Very very special people. Engineer Alex Bennett runs the most incredible studio in country Victoria. It’s a fully analogue set up, recording and mixing to tape, housed in an old converted barn. Plenty of natural light and a wood burning stove. The magic of the live room and Alex’s ability to capture the truest sound really gave the record the warmth and honesty it needed. My very very dear friend Matthew Colin picked up the bass specifically to play on this record (as well as Georgia Spain’s) and he plays like no one else I know. The runs he does at the end of ‘Stubborn Fool’ make me smile every time, and his subtle playing on Fast n Free was so on point. Matt’s an incredible songwriter himself (look him up right now) and I think that gives him a very special ear as an accompanier. Another good friend Craig Mattingley came in for a day and laid down all the amazing piano and organ you hear on the record. Beautiful friend and soul Glendon Blazely is responsible for the gloriously lonely and bendy trumpet you hear on Pheasant’s Country, as well as playing the saw on ‘Black Dogs’. And Ben McAtamney stepped in last minute and was the perfect fit for the drums, starting out as a friend of friend and becoming a good friend over the 5 days we spent together. And of course I can’t forget Georgia, who was the inspiration for so many of the songs and who realised the vision I had for the cover so beautifully. The things you discover about yourself, and the malleability of music and songs, by working with other people is invaluable.

Last of all, could you name 3-4 artists that you’d like to share with our readers? They can be old or new, well-known or obscure, its completely up to you.

Georgia Spain – Trouble Isn’t Something You Can Hold – Georgia put out her new record in early May and I just think it’s so so incredible. I learnt the drums for it, Matt learnt the bass – that’s how badly we needed to be part of this!!! Her voice, her lyrics, her songs, she’s just unlike anything else. The songs deal with the death of her sister and how the current state of the world mirrors her grief and growing up and changing with all this going on. Get ready to have a cry.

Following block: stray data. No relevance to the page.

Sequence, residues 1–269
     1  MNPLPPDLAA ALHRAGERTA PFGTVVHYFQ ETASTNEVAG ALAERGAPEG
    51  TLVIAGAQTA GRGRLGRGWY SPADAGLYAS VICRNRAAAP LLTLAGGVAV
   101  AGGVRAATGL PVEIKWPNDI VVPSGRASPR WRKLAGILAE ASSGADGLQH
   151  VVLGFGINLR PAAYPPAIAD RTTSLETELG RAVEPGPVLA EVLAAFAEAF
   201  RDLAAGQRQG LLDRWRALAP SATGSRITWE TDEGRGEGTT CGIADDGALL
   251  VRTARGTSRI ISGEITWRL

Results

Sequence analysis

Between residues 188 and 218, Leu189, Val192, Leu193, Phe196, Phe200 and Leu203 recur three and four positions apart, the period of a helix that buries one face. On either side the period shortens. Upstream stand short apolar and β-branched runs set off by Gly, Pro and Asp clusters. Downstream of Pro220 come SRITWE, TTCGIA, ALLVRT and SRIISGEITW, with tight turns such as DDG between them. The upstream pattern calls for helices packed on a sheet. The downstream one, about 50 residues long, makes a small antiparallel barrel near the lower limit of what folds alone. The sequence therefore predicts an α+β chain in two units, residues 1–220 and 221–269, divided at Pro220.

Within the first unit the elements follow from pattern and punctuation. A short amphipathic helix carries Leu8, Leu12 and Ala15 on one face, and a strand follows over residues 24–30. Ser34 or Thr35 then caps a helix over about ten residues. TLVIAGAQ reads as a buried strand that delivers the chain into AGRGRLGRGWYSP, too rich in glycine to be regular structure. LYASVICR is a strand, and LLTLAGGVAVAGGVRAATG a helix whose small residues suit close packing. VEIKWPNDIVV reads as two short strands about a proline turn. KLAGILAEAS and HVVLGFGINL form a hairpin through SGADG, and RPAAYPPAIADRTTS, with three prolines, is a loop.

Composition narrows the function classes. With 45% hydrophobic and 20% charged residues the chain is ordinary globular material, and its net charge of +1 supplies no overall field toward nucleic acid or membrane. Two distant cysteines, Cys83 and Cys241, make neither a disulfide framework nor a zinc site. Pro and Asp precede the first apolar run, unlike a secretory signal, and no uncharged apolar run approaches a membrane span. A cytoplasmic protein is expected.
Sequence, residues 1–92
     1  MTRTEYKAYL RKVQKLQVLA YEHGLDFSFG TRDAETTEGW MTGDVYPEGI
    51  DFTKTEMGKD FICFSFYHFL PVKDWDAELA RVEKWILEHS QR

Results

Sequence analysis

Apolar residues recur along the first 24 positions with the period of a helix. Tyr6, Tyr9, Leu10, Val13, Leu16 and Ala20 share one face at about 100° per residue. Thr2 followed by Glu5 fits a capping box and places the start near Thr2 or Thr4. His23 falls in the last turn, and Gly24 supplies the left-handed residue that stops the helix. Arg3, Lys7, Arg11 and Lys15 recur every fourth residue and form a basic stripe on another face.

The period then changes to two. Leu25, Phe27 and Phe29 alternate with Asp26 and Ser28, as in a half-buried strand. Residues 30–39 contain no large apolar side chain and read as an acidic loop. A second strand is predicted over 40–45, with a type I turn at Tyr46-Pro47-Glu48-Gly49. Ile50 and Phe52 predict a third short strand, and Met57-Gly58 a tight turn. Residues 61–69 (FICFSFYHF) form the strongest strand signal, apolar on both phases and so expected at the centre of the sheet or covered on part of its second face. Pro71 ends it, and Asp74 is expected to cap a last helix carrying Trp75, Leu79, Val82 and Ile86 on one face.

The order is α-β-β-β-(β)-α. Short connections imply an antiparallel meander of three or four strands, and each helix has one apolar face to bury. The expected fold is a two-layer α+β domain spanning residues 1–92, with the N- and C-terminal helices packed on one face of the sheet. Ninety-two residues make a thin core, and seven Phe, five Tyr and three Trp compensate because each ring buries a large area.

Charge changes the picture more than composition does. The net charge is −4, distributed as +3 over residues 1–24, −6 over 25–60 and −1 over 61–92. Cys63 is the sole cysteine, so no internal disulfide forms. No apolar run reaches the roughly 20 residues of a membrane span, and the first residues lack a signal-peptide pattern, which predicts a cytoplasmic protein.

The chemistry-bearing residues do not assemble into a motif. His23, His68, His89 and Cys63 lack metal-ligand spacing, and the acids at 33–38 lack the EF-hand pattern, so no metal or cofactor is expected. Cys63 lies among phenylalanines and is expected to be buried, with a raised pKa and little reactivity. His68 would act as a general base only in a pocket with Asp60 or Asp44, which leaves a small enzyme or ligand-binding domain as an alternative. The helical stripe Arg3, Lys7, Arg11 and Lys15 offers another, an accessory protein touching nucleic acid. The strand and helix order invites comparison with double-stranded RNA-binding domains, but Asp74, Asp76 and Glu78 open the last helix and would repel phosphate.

Lambchop – I’ve been listening to a lot of Lamchop (AKA Kurt Wagner) lately. I think ‘Is a Woman’ is slowly becoming one of my favourite records of all time, and I’ve been delving deeply into ‘Flotus’ as well.

Lonnie Holley – Such an incredible artist and life story. He put out his new record MITH late last year, and it’s an absolute whirlwind of a record – sometimes a nightmare, sometimes a soft dream. A total fusion of everything. We were lucky enough to catch a performance recently in a small bar in Melbourne and it was hands down one of the most incredible gigs I’ve seen. His philosophy and the way he translates it into art is so important in America’s current climate, as well as the world at large.

Grouper – Speaking of incredible gigs, I was also lucky enough to catch Grouper (Liz Harris) performing at the Melbourne Recital Centre recently. The lights were dimmed so so low, you had to squint to see her on stage – sitting with her tape decks and loopers, one guitar & one piano. There was no applause, except at the end, and the songs blended seamlessly into each-other. Never seen a gig that left me feeling so meditative. People were drifting off into sleep all over the hall, but I think that’s what she had intended. Recommended listening – ‘The Man Who Died in His Boat’.

Black Dog is out now and you can get it from the Oscar Lush Bandcamp page.